Effective Java 1 - Creating and Destroying Object



1. Use static factory method instead of constructor

Class should provide a public static factory method. It is a static method returing an instance.

Example

public static Boolean valueOf(boolean b) {
    return b ? Boolean.TRUE : Boolean.False;
}

Pros: compare to constructor

  1. Easy to customize name, like BigInteger.probablePrime to return prime numbers
  2. No need to create new object when called.
  3. Able to return subclass instance

Cons

  1. Classes without public or protected constructors cannot be subclassed.
  2. They are not readily distinguishable from other static methods.

java.util.Collections have 32 static factory methods

More

The class of the object returned by a static factory method need not even exist at the time the class containing the method is written. Such flexible static factory methods form the basis of service provider frameworks. It is such kind of a system: multiple service provider implement one service, the system provide multiple implementation for client, and decouple them from implementations. A service provider frameworks have three important components:

  • Service Interface: implement the functionality
  • Provider Registration API: client register the service
  • Service Access API: client get service instance

and one optional component:

  • Service Provider Interface: for provider to create the implementation of service.

Take JDBC as an example, Connection is the service interface, DriverManager.registerDriver is the provider registration API, DriverManager.getConnection is the service access API, and Driver is the service provider interface.

2. Consider a builder when faced with many constructor parameters

Don't write telescoping constructor pattern, because it is hard to write client code when there are many parameters, and harder still to read it

JavaBeans Pattern

One parameterless constructor to create the object, and the call setter methods to set each required parameter and each optional parameter of interest.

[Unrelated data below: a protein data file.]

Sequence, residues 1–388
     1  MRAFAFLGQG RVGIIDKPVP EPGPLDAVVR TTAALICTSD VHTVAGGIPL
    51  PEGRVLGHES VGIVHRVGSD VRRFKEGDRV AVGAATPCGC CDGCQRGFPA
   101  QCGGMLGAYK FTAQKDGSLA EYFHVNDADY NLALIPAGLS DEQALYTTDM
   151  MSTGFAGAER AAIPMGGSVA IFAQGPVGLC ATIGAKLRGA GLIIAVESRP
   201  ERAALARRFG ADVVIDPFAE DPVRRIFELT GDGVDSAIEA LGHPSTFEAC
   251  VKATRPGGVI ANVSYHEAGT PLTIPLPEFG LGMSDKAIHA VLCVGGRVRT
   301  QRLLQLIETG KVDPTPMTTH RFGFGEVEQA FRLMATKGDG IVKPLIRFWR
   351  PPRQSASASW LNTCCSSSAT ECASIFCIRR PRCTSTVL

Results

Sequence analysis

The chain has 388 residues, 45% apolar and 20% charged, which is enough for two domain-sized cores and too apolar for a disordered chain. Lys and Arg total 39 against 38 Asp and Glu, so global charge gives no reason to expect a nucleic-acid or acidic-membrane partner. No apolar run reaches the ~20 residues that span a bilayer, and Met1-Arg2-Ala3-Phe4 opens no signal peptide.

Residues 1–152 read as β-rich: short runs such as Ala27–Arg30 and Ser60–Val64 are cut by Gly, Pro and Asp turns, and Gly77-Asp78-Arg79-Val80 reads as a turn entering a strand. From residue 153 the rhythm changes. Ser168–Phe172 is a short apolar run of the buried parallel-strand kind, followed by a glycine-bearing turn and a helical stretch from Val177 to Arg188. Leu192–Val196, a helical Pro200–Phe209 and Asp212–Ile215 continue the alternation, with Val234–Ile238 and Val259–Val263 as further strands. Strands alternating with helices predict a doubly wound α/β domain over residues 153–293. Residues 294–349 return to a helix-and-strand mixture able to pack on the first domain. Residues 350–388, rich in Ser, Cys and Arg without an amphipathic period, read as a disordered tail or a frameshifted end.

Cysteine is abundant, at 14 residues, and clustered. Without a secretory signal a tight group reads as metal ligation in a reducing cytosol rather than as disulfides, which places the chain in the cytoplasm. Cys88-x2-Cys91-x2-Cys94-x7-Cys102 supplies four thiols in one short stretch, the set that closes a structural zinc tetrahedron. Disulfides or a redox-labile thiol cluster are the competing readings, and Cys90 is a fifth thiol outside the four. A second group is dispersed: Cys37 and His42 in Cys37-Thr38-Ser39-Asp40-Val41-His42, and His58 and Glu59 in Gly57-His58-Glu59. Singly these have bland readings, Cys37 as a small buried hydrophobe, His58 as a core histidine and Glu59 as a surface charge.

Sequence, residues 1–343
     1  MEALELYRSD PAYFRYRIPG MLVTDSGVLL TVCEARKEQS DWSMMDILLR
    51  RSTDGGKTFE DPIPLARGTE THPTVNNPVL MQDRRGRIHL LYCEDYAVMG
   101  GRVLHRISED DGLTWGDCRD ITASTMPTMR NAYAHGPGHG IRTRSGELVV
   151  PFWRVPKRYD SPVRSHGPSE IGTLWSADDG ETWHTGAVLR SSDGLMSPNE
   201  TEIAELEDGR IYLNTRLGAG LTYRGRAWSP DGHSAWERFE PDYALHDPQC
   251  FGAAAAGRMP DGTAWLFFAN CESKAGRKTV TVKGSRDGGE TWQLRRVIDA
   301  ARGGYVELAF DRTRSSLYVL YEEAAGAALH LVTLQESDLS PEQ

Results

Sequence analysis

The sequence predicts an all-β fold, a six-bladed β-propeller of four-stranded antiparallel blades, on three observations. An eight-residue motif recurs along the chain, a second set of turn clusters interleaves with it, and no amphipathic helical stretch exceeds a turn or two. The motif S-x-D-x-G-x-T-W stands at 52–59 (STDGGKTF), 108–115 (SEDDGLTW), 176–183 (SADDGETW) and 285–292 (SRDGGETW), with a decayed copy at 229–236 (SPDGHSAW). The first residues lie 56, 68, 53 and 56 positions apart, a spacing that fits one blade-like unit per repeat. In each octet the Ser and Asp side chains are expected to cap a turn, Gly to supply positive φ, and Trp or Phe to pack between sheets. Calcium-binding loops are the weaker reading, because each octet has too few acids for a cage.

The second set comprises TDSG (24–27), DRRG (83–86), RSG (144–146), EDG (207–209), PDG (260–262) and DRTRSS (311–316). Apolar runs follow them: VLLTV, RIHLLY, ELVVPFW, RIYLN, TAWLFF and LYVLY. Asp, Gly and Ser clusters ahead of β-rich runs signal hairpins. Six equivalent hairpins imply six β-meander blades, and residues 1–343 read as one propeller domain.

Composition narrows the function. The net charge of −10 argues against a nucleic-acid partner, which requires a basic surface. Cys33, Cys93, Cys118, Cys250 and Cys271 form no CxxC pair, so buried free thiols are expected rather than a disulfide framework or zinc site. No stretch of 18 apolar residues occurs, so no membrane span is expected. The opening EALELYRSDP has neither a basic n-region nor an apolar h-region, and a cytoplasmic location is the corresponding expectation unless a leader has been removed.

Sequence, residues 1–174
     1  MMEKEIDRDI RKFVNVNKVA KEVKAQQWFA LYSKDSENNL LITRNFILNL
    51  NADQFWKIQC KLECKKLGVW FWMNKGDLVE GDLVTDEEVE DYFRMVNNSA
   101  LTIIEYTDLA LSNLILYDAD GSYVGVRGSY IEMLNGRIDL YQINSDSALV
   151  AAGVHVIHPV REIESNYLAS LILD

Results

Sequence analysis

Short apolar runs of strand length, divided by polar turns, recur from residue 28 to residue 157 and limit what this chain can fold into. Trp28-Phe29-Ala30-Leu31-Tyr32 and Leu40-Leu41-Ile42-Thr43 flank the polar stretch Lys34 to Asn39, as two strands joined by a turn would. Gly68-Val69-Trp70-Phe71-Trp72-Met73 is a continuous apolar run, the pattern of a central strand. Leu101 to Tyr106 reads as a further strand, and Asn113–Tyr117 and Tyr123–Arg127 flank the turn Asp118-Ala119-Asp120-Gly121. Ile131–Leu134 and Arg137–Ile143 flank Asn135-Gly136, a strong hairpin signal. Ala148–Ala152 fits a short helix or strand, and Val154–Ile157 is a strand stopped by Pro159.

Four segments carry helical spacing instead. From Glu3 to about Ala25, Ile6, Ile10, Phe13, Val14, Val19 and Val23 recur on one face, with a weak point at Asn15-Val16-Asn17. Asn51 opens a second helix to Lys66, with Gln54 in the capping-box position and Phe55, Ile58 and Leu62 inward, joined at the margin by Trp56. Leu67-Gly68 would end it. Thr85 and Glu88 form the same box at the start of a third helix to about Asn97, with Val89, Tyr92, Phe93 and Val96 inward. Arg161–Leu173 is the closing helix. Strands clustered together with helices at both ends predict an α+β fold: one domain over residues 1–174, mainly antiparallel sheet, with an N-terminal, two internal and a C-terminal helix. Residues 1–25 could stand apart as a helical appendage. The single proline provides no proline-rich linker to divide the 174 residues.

Cons

  1. If construction process is split across multiple calls, a JavaBean may be in an inconsistent state partway through its construction.
  2. JavaBeans pattern precludes the possibility of making a class immutable, because of setters.

Builder Pattern

Client use required parameters to call the constructor(or static factory method) to get a builder object. Then client config the builder, and call the build method to create the immutable instance.

Example

public class NutritionFacts {
    private final int servingSize;
    private final int servings;
    private final int calories;
    private final int fat;
    private final int sodium;
    private final int carbohydrate;

    public static class Builder {
        // required parameters
        private final int servingSize;
        private final int servings;

        // optional parameters - ini with default values
        private int calories = 0;
        private int fat = 0;
        private int carbohydrate = 0;
        private int sodium = 0;

        public Builder(int servingSize, int servings) {
            this.servingSize = servingSize;
            this.servings = servings;
        }

        public Builder calories(int val)
        { calories = val; return this; }